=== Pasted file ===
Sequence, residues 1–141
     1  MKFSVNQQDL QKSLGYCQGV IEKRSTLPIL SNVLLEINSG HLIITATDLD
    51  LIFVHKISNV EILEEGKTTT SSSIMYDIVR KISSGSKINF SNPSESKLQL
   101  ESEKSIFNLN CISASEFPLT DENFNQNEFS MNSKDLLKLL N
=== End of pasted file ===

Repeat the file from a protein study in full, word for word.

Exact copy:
Sequence, residues 1–141
     1  MKFSVNQQDL QKSLGYCQGV IEKRSTLPIL SNVLLEINSG HLIITATDLD
    51  LIFVHKISNV EILEEGKTTT SSSIMYDIVR KISSGSKINF SNPSESKLQL
   101  ESEKSIFNLN CISASEFPLT DENFNQNEFS MNSKDLLKLL N